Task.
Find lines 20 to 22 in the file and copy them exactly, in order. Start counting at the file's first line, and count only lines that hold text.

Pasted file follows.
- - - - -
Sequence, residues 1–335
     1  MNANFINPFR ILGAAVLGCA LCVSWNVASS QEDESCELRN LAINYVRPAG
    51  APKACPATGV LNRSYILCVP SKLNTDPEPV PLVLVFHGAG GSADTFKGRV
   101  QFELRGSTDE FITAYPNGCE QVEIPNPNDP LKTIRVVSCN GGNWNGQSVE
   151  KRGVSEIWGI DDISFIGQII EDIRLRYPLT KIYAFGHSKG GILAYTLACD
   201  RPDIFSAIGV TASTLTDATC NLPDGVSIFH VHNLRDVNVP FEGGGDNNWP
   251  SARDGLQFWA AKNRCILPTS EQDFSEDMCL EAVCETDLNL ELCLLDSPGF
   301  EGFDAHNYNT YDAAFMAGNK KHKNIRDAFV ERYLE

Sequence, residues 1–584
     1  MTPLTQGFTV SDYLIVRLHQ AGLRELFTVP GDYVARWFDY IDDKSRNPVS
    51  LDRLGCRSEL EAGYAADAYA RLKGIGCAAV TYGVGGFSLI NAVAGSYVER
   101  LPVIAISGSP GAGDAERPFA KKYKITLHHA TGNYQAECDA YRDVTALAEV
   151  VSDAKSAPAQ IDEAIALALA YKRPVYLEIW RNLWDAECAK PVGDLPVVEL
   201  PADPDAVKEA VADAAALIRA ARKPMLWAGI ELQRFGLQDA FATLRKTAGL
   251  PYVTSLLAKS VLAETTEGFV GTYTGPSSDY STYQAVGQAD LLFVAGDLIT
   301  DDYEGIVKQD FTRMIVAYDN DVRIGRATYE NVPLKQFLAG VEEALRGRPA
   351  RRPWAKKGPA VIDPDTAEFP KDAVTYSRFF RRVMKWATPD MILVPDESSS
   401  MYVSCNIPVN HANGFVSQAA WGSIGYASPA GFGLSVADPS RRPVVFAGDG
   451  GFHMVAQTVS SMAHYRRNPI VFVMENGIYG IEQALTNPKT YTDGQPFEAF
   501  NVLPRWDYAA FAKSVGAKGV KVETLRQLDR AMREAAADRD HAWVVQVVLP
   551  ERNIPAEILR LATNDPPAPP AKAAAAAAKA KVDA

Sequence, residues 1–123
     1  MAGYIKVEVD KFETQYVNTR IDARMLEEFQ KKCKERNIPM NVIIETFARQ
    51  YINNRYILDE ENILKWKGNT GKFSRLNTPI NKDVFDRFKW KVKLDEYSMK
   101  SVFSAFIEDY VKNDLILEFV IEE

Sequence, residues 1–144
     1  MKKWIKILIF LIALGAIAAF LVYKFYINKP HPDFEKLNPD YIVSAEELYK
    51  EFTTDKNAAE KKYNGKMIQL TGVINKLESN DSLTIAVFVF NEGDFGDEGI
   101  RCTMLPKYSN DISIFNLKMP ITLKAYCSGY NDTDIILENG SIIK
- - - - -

   501  NVLPRWDYAA FAKSVGAKGV KVETLRQLDR AMREAAADRD HAWVVQVVLP
   551  ERNIPAEILR LATNDPPAPP AKAAAAAAKA KVDA

Sequence, residues 1–123